I know, the most overused word in the hill walking vocabulary. Ignore this word at your peril in winter. Icy driving conditions, short day light hours, bigger rucksacks, moving slower and unsettled weather patterns mean that you need to reign in your mountain aspirations. Start small and build it up as your confidence grows. Spent time looking at weather forecasts, maps, guide books and online resources to help you make sensible decisions.


Your summer hill walking equipment will now be supplemented by winter toys and will probably no longer fit comfortably inside your little summer rucksack. Flimsy lightweight waterproofs might have to be upgraded and more warm clothes added. Dexterous gloves are essential and I recommend putting them on in the shop when you are buying and try using your map and compass with them. Goggles are a good addition and spare batteries for the head torch. You might need to invest in a good pair of boots that are suitable for the winter environment if you have been using a lightweight fabric pair during the summer months. An ice axe and pair of compatible crampons will be essential additions to cope with the ever changing underfoot conditions.

Winter Walking


Your summer navigation skills will need to be sharpened up and improved. Obvious features in summer such as paths and rivers can disappear in winter. Navigational cairns can get buried and friendly summer features such as corrie rims will become foes. Timing and pacing techniques will also need to become winter modified. The great thing about all your summer navigational skills is that they are transferable to winter with a few tweaks and modifications. Mobile phones with digital mapping are not good enough for the winter environment. Get an old school map and compass and learn to use them.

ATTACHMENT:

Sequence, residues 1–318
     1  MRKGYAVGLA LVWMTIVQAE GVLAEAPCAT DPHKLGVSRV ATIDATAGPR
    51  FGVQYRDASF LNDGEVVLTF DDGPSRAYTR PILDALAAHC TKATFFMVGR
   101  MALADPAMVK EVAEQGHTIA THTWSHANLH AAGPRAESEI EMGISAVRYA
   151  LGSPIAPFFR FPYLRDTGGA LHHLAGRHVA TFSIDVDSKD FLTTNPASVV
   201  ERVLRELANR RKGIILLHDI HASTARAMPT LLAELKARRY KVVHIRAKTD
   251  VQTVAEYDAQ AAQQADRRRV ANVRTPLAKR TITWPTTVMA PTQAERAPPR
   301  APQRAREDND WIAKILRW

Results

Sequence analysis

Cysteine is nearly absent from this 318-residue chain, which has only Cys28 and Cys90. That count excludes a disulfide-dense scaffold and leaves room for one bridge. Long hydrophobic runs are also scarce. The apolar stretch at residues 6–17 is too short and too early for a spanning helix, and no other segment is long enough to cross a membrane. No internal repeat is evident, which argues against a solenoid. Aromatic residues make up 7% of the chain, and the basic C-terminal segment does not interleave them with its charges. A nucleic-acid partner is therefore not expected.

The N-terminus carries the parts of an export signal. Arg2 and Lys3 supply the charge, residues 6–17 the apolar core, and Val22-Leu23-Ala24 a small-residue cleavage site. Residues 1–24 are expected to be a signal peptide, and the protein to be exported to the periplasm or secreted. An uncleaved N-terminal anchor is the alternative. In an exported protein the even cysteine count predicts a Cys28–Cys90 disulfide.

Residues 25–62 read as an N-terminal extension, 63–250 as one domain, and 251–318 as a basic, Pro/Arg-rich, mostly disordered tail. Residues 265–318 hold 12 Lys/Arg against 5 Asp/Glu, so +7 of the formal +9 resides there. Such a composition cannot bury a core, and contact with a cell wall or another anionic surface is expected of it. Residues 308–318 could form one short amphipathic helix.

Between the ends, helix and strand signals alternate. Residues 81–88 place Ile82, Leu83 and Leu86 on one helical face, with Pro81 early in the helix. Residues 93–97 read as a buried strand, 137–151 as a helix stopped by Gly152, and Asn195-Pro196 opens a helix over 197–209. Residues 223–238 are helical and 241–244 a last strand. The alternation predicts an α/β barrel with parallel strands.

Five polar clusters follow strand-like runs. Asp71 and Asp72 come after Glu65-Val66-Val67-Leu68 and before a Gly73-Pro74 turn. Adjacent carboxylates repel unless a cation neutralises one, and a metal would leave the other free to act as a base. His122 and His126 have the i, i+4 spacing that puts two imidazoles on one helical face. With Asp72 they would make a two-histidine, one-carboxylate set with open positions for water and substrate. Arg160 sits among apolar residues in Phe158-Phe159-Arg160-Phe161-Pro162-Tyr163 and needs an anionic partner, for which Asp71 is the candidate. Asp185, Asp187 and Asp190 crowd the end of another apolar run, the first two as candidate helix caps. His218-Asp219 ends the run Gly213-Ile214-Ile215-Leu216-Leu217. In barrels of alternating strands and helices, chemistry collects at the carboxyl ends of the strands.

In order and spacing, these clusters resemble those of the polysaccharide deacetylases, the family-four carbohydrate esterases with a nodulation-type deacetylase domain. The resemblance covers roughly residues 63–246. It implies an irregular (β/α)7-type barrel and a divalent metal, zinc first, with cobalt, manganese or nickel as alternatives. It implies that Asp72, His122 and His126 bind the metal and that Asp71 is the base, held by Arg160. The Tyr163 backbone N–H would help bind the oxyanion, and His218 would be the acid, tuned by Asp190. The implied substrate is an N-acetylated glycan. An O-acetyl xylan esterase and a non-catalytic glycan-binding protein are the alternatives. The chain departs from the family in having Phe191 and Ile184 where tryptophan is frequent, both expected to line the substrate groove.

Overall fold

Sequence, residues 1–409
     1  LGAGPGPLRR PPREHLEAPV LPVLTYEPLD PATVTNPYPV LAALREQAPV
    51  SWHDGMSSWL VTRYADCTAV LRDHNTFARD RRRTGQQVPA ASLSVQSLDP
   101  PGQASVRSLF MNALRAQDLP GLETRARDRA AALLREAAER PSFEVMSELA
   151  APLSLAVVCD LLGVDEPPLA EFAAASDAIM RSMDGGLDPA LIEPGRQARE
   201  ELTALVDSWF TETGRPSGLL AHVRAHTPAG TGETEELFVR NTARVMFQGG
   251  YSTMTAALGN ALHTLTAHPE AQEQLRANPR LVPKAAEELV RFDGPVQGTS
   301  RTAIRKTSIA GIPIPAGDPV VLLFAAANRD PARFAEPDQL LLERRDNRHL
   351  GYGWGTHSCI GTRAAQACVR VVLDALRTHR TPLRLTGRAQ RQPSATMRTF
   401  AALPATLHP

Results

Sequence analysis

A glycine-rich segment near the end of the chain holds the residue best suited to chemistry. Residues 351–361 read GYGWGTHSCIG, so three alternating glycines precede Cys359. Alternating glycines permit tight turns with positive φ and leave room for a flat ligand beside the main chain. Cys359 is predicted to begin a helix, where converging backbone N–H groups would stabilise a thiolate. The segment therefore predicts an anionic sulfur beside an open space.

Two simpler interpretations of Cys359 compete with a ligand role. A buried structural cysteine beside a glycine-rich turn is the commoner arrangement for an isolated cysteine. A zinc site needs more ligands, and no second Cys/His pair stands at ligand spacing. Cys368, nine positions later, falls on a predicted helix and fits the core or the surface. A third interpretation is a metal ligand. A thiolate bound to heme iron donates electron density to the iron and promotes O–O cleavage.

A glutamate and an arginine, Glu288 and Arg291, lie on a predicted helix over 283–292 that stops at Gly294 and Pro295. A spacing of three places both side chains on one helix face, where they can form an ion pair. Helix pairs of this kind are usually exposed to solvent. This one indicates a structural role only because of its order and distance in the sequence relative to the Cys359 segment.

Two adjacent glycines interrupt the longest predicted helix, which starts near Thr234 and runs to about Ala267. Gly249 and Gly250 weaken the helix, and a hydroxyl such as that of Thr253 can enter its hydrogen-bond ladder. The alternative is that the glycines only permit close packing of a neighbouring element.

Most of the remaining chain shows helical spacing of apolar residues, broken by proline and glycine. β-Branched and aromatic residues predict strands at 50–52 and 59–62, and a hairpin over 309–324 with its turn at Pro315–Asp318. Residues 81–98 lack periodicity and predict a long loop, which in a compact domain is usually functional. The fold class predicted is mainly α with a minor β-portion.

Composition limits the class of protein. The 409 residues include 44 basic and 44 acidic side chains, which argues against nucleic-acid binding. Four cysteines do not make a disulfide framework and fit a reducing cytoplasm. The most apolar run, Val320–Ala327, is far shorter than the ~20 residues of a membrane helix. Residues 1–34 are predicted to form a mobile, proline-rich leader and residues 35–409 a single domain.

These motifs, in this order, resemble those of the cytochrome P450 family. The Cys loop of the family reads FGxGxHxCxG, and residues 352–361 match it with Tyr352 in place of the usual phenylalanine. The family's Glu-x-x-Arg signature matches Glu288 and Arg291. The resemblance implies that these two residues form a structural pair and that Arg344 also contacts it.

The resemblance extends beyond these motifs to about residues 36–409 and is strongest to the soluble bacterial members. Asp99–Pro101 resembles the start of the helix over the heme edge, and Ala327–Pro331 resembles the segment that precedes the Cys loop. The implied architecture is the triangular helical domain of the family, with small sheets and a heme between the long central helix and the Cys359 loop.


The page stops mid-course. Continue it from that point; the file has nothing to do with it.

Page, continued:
Snow & Ice

The essential ingredient for winter hill walking. This is a massive subject and there is a great deal of online and offline resources available. Snow and ice will effect the underfoot conditions greatly making conditions easier, harder or impossible. By having a better understanding of snow and how it interacts with the weather and the terrain will have a massive impact on your day.

Don’t be shy and ask for help. Purchasing equipment, transferring summer navigation skills to the winter environment, learning to use specific winter equipment and gaining knowledge for understanding snow packs and avalanches are all complicated subjects. There is a whole industry of highly trained professional outdoor instructors and guides who would love to share their knowledge with you.”

Winter Walking

About Di

Di Gilbert is a fully qualified Winter Mountaineering and Climbing Instructor based in the Cairngorm National Park. For nearly 30 years she has been providing training and instruction to budding winter hill walkers, winter mountaineers, winter climbers, alpinists and individuals training for 8000m peaks. For more information please visit

Di’s Kit

Boots – Scapra SL Wmn
Rucksack – Deuter Guide
Ice Axe – Grivel Ghost
Crampons – Grivel G10 (New Classic)